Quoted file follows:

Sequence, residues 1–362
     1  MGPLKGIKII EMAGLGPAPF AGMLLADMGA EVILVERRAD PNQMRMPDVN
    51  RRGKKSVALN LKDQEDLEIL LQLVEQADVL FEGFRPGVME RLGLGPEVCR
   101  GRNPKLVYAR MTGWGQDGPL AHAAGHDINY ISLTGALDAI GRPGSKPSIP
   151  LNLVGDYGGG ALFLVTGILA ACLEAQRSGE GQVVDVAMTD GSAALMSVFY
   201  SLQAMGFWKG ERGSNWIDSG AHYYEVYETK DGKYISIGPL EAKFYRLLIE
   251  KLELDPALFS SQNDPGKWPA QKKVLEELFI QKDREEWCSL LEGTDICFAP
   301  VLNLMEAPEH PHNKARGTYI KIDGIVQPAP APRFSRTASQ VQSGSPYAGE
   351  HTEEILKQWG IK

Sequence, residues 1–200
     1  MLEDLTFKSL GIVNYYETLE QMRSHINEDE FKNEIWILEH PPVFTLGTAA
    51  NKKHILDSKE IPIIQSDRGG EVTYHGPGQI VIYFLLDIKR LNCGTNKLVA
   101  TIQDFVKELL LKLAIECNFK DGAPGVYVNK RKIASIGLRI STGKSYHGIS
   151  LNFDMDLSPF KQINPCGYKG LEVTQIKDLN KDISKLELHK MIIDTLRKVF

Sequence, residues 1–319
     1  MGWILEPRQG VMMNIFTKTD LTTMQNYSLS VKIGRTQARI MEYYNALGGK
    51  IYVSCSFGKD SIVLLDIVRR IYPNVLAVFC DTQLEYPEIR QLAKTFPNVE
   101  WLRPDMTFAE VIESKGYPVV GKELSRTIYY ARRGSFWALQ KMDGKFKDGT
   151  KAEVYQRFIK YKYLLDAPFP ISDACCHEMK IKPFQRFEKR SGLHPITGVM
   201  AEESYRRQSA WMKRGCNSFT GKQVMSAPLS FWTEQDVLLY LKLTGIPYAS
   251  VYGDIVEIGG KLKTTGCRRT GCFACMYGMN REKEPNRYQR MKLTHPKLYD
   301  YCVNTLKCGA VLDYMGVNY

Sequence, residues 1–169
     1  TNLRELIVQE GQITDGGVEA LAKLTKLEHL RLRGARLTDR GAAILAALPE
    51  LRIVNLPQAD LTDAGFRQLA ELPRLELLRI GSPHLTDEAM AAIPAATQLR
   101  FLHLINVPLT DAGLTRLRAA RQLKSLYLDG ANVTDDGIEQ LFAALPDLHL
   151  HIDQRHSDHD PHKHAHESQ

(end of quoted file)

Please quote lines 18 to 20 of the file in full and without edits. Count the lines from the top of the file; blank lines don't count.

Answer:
   101  WLRPDMTFAE VIESKGYPVV GKELSRTIYY ARRGSFWALQ KMDGKFKDGT
   151  KAEVYQRFIK YKYLLDAPFP ISDACCHEMK IKPFQRFEKR SGLHPITGVM
   201  AEESYRRQSA WMKRGCNSFT GKQVMSAPLS FWTEQDVLLY LKLTGIPYAS